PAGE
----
7. Foot Care

Now, Medicare won’t cover your next pedicure, but if you are having a foot ailment that can be medically identified and treated, Medicare will cover it. Common treatable ailments include bunions, hammer toes (also called a rotated toe: when there is abnormal bend in the middle joint), deformities, and heel spurs. Many seniors don’t seek treatment because many of these issues seem “minor,” but if they are causing you pain and discomfort (and they don’t fall under routine care, like callus removal), we encourage our clients to seek treatment because it’s covered.

 

Medicare covers many of these medical services with Part B, so since that is only 80%, your Medigap plan will cover the 20% left of the costs. Unhappy with your Medigap Plan coverage?

Griffin Insurance Solutions is an independent agency that offers plans from 15 different insurers. We understand that each client is a unique individual, and we want to help you find the best plan and the right insurer. We ensure that your options remain flexible so you can use the providers and doctors of your choice. We’ll happily address your questions and concerns and help you find the best plan for you. Contact us today for in-person appointment by email or phone at 919-704-6147 or 800-774-1434.

 

Top Five Questions have about Skilled Nursing Facility Care (and how Medicare bills you!)

doctor and nurse visiting senior woman at hospital

Top five questions seniors have about Skilled Nursing Facility (SNF) care (like how Medicare bills you!)

You’ve heard about the term SNF, and maybe you thought nursing home, but there’s a lot more to it.

1. What defines SNF?

An easy way to think of SNF is as a specialized type of care that only skilled RNs or therapists can provide to treat, manage, observe, and evaluate a high level of medical care. Most commonly, SNF patients are recovering from an illness, injury, or surgery. Facilities must meet certain requirements to be certified as an SNF, and sometimes hospitals are also SNF facilities.

Most people do not receive SNF care for very long, with an average stay of 28 days. SNF care is only designed to treat a health concern for as long as it requires daily care. For example, if you broke your leg, you would go to an SNF after being released from the hospital. The initial care you receive would be considered SNF because it requires staff members specializing in surgery recovery. After you no longer need specialized follow-up care, you would then receive custodial (everyday) care, if you still needed assistance.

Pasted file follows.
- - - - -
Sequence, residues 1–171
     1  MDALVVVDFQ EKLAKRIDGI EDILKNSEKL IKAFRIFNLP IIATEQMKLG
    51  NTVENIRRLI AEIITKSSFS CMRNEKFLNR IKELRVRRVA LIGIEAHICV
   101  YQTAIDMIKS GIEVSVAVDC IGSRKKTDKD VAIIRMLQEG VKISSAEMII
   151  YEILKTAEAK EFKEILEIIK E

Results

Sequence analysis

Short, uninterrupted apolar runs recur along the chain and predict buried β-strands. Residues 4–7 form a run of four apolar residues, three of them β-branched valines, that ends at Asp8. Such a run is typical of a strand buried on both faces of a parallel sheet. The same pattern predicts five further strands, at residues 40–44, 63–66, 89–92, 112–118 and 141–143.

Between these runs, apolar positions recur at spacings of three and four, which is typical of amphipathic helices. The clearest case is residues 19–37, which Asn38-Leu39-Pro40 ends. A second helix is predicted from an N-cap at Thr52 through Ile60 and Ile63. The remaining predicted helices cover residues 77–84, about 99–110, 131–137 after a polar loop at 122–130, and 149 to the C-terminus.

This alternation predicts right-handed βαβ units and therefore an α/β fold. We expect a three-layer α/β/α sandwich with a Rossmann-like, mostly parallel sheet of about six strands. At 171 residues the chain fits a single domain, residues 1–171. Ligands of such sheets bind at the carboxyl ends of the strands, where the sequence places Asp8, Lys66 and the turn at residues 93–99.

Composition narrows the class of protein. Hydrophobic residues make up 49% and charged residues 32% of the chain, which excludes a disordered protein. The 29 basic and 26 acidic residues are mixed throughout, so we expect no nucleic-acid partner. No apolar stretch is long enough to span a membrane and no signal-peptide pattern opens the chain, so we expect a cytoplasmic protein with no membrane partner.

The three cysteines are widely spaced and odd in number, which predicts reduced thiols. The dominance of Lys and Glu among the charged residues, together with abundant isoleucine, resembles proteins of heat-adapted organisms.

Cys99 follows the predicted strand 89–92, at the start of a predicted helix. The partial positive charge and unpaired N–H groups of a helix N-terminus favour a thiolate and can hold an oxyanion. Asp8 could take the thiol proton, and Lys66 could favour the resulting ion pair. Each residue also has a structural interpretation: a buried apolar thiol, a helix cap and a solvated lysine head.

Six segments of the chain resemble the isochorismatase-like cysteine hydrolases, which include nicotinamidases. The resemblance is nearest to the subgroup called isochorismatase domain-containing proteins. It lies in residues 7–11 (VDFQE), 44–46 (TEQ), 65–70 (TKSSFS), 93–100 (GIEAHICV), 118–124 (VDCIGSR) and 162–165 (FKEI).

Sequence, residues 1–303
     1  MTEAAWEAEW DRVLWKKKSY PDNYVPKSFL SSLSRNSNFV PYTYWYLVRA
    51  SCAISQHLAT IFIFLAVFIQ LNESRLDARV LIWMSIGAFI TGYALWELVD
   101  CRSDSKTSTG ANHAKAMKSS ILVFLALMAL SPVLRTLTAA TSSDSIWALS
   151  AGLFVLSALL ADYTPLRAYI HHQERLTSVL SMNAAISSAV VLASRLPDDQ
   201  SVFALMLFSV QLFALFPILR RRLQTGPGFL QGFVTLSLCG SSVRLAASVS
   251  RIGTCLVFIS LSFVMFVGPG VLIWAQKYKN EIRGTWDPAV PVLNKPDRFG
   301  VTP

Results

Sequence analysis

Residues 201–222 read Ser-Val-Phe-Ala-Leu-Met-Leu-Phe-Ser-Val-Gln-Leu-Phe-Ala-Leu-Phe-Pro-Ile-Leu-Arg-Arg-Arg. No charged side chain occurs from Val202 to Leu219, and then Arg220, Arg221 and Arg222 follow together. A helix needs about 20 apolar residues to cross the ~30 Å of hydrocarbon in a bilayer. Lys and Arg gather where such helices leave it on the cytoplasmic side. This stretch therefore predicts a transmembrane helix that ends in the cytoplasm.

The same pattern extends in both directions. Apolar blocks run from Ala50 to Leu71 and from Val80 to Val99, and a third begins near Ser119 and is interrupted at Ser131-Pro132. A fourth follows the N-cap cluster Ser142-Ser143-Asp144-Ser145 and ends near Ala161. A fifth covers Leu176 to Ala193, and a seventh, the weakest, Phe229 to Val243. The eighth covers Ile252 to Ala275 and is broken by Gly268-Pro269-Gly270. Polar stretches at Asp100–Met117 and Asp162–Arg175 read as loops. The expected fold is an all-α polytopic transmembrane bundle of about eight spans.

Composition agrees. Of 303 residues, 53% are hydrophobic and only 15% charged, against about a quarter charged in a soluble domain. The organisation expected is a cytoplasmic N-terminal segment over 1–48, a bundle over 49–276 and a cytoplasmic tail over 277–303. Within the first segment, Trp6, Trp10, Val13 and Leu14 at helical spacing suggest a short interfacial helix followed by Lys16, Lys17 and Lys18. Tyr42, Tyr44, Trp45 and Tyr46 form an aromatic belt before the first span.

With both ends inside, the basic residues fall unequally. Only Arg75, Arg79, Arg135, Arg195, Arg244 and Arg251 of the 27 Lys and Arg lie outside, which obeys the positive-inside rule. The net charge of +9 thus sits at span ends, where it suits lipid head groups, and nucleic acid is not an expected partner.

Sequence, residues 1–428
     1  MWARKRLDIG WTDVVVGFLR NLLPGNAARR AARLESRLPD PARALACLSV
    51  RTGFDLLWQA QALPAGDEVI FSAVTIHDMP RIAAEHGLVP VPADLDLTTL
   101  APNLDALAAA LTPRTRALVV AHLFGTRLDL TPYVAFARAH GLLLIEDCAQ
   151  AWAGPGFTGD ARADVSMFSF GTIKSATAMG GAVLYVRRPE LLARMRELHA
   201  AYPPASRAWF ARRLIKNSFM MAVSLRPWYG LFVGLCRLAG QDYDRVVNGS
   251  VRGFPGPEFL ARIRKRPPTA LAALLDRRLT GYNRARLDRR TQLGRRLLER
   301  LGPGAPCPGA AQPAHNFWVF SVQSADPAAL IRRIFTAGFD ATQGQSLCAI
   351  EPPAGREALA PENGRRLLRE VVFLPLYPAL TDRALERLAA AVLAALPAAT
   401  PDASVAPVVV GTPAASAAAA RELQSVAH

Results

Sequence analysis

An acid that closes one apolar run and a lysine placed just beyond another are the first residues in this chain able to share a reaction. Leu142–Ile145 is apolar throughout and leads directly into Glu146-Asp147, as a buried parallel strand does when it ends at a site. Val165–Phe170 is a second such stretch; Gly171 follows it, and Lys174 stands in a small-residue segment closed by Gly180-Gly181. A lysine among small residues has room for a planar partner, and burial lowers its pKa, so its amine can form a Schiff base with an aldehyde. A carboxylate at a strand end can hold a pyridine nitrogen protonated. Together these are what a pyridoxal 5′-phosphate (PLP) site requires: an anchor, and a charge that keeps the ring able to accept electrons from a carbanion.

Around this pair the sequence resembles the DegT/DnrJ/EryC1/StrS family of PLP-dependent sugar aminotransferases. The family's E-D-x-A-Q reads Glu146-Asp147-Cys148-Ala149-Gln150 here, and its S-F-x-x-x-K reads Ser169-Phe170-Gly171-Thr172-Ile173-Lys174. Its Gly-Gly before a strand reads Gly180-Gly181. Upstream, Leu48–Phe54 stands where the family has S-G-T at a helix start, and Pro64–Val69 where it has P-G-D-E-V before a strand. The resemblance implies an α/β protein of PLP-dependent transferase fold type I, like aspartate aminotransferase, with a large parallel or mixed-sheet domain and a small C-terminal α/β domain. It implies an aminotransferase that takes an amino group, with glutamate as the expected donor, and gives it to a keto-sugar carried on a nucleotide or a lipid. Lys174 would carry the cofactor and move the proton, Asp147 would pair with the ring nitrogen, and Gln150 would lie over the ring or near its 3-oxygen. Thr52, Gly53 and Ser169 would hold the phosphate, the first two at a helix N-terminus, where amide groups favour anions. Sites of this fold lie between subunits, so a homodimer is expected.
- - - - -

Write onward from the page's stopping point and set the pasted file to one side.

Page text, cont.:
Here’s another example of SNF care: You’re hospitalized for a stroke, after which you receive occupational therapy at an SNF in order to relearn impacted basic daily tasks (eating, writing, etc.). If your doctor decides that the occupational therapy treatment isn’t working and that you instead need assistance with basic daily tasks, you are switched to custodial care, which is not covered by Medicare. Depending on the decision you and your doctor make together, you may next receive custodial care in the same facility, be sent home, or be transferred to a facility specializing in daily custodial care. This is because SNF facilities are not meant for maintenance of a health issue but rather for improvement.

2. Is SNF care the same thing as an assisted living?

No. The important difference between a skilled nursing facility and, say, an assisted living facility, is that you receive specialized services at an SNF. These terms are often interchanged mistakenly, so it is important to check your sources when gathering information. Remember Medicare rarely covers custodial care, which can be thought of as help with basic personal tasks. These other non-SNF facilities offer mostly custodial care. Custodial care facilities may have some medical equipment on the premises and may even have some medically trained staff, but the purpose of the facility is different. If your care is defined more by assistance than treatment, then, by most counts, it won’t count as SNF care. Custodial care may sometimes appear medical but is not considered specialized; custodial care can range from assistance with meals to using eye droppers or help bathing. Medicare doesn’t cover custodial care and thus does not cover assisted living facilities.

3. How do you get SNF care covered by Medicare?

Medicare has a number of requirements for your stay at an SNF to be covered, which are all outlined on medicare.gov. The most important one for seniors is the requirement of a qualifying inpatient hospital stay. This means an inpatient hospital stay of three consecutive days or more, starting with the day the hospital admits you as an inpatient, but not including the day you leave the hospital (see our previous blog post to learn about inpatient status). The second most important point is that you must enter the SNF within 30 days of leaving the hospital. Click here to read the full list of requirements.

4. How does a benefit period play in?